house system and the costly board
ing school be continued, etc., On
previous occasions the Indian office
sent an Inspector and an Indian
agent attend this council. Did you
ever stop to think why this is done?
Inspectors presumably
never read their instructions to us,
but my opinion is this, that they
are not sent here to promote gen
eral welfare of our council, but
rather for the purpose of fault find
ing, picking flaws and critizing the
actions of this council, whereby
they may have some means of ob
and breaking down the
progressive efforts of the Chippe
was of Minnesota, through their
General Council. Once upon a
time I had great faith in the inare
spectors and had an idea that they
were for the betterment of the In
dian service. They were good long,
long ago. Through the recommen
dations of the Inspectors of-old the
service was rid of dishonest and in
competent employees but the in
spectors of to day, sf ems to work
only for the protection and special
interest of the Indian. bureau,
"white wash" the true findings of
their investigation and to the eud
that dishonest and incompetent
employees are premittedto remain
in the service with usually a raise
in salary. The Indian agents of old
worked for betterment, uplift and
progress of the Indian but. Super
of to day works for per
sonal gain and reputation great
ly to the detriment of the Indian
The government farmers of olden
times blistered their hands in actual
labor while the government farm
ers of to-day are blistering their
neck wearing white collars.
letter you get from Jim Coffey or
his treacherous practices. The In
dian is represented in State fairs by
Indian bureau representatives with
only their handicraft for exihibit,
and with nothing to show the adfilth
vancement of the Indian along the
lines of modern civilization and
throug this misrepresentation of thc
India.), he is advertised as an in
competent, a failure, still governed
by its aticient customs, character
istics and savagesness to .such an
eztont that the public at large is
prejudiced against the Indian. For
that reason we should protest vig
orously against this farce of exhib
iting Indian handicraft only and
not allow ourselves to be overcome
by the smooth, silver tongued
agents who are everfrying to in
duce us to do things which are not
for our benefit, but rather for their
own personal and selfish motives.
Last but not least is our schools,
they conducted as they should
be, I say no: This is one of the
most essential things that we should
i\ *v
is what we want, and should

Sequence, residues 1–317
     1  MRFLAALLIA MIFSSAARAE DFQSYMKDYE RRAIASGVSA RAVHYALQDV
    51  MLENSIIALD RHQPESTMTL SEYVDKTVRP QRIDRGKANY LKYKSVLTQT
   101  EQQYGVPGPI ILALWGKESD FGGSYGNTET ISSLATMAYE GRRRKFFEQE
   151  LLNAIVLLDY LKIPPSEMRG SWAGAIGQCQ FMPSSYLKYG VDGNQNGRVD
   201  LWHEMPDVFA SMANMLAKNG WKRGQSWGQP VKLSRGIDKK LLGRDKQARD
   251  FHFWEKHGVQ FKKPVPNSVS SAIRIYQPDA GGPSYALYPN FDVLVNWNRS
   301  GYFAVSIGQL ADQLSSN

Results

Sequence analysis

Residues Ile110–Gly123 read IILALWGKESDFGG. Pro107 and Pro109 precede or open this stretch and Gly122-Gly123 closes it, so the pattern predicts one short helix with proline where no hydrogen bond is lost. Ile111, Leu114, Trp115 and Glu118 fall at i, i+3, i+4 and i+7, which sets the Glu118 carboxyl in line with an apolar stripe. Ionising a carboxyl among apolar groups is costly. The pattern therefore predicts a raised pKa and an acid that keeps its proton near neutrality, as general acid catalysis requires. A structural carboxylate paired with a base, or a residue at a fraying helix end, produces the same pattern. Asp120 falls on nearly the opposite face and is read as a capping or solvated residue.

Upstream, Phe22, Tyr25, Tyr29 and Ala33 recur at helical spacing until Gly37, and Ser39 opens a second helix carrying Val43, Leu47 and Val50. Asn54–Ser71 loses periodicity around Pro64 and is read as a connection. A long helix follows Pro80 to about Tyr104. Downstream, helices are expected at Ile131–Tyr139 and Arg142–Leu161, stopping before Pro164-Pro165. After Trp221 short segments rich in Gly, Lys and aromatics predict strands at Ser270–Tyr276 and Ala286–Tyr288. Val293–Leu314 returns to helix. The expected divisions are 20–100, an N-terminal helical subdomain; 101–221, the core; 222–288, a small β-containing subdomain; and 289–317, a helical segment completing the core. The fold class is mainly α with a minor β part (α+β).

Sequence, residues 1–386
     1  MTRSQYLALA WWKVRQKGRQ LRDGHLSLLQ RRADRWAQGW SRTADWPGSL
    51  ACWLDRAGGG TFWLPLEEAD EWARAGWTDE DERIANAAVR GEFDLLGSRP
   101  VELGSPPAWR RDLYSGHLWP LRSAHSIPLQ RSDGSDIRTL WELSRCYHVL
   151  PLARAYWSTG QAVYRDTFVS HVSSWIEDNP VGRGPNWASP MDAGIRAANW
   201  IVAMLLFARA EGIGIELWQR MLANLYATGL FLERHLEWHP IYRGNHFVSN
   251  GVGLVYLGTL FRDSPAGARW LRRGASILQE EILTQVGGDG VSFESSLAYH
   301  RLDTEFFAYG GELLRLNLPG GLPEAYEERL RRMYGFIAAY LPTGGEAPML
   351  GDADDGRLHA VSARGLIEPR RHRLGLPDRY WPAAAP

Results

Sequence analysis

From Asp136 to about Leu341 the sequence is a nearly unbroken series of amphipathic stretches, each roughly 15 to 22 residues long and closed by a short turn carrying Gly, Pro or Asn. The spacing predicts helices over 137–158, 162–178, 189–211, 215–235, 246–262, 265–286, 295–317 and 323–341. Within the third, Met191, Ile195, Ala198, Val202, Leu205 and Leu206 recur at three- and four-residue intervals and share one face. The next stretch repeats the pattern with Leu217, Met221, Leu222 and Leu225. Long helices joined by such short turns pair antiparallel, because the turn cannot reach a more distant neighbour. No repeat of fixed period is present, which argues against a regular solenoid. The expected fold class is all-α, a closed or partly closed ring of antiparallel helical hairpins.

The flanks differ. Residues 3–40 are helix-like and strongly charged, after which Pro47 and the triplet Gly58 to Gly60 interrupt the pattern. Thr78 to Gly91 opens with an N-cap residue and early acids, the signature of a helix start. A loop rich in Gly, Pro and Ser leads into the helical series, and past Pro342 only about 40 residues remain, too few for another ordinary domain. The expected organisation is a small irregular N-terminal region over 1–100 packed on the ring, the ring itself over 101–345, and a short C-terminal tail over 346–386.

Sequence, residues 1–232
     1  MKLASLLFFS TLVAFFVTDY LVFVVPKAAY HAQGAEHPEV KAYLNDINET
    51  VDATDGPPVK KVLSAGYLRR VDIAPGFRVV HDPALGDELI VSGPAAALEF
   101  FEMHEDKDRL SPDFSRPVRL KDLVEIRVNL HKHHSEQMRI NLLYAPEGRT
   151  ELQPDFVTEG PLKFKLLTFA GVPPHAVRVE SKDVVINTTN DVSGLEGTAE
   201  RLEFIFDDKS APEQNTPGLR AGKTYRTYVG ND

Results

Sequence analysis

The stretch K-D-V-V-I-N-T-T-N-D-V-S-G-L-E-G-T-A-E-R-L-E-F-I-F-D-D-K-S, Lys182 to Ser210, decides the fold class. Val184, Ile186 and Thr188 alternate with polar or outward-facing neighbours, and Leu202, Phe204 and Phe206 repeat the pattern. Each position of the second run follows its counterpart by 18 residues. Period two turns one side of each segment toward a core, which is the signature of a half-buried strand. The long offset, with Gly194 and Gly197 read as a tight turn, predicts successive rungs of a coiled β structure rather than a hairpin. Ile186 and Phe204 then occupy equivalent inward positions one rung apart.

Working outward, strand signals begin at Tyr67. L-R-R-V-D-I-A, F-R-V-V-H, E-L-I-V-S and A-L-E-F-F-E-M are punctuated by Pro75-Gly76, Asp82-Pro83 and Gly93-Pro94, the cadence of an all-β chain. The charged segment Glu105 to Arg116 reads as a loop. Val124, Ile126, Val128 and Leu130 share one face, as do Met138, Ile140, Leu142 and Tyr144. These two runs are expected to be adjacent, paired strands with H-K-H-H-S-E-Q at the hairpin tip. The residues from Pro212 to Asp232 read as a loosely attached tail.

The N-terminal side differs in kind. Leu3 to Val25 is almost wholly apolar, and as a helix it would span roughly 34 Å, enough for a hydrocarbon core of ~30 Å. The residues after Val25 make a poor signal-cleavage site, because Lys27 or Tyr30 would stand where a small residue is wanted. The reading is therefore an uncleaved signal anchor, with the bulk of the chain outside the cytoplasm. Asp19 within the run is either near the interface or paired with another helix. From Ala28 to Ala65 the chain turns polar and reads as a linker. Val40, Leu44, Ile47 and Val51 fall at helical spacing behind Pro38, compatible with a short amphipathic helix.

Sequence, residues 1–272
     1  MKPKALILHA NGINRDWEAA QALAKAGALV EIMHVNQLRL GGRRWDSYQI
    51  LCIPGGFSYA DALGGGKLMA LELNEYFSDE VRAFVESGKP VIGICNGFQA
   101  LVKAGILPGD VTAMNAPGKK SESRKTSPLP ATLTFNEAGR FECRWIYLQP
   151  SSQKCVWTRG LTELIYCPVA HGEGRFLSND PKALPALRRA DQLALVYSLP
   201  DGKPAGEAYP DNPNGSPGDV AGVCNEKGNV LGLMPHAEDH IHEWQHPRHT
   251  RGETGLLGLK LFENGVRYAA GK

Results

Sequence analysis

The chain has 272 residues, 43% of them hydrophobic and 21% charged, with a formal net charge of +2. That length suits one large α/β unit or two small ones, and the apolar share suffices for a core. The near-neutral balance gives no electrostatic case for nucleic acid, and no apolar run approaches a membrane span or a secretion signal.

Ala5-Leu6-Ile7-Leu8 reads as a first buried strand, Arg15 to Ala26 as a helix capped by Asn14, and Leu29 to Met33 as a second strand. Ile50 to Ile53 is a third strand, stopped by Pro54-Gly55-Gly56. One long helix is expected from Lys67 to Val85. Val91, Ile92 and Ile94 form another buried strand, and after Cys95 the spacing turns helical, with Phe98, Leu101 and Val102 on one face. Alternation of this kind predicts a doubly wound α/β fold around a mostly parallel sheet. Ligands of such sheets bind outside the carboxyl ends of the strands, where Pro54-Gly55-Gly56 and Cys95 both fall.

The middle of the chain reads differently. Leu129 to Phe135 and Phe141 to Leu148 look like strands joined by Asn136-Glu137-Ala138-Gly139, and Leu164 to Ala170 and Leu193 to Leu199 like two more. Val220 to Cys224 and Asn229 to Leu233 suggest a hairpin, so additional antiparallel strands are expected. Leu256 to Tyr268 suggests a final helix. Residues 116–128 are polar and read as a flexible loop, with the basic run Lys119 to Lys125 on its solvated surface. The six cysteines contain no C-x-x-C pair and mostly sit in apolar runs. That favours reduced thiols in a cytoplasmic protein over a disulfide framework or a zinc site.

As it is our children are in
school-room only two hours and a
half a day, that is called one half
day. It is one-half days pay for the
school teacher but only two andCigars
one half hours schooling for our
children. Working five hours a
day the teachers complain that they
are over-worked and under paid
What do you think of this,? and
you Chippewa Indians pay the bill,
it is no small bill either. Thesys
tem is wrong it is not only wrong
but it is rotten.
The Indian boarding school is
only a sort of poor house system,
and a mighty poor, poor house
system at that a hot bed of vice
and disease a refuge where
che children of incompetent Indi
ans and indolent mixed blood mem
bers who are too lazy to work and
support their children and chil
dren of parents who get support
from the government warehouse,
are clothed and fed at tribal ex
pense who are given instructions
in the school rooms from two and
one-half to three hours per hours
per day and at a cost to the trioc
of about five times as much as it
costs Indian pupils to attend the
public schools,
Joe Morrison.
State Fish Nets Destroyed
We are in receipt of a letter,
written by W. R. Spears of Rod
Lake, Minn., from which the fol
lowing excerpts are taken:
"Last night, Tuesday, July 30,
1918, the State nets were cut up
(Continued on 8th. Page.)
When you want
the best
In Groceries, Dry Goods, Winter
Clothing, Footwear, etc., call on
We're right here every day in the year (except Sunday) to supply you
with any and everything you may need in
TheB.L. Fairbanks
White Earth, Hinnesota.
Published in behalf of, and
to secure the welfare of the
Indians of the United States.
Finest line ot
I Subscriptions.
Wage's Stationery Store.
Mo. 16.
& Tobacco,
Soft Drinks,
1 carry a full line of
Cigars, Cigarretts and
Tobacco. A good place
to spend the evening.
Come in and get acquainted.
6E0. J. JOHNSON, Prop.
White Earth, Minn.
White Earth, Minn.
Now is the time
to pay that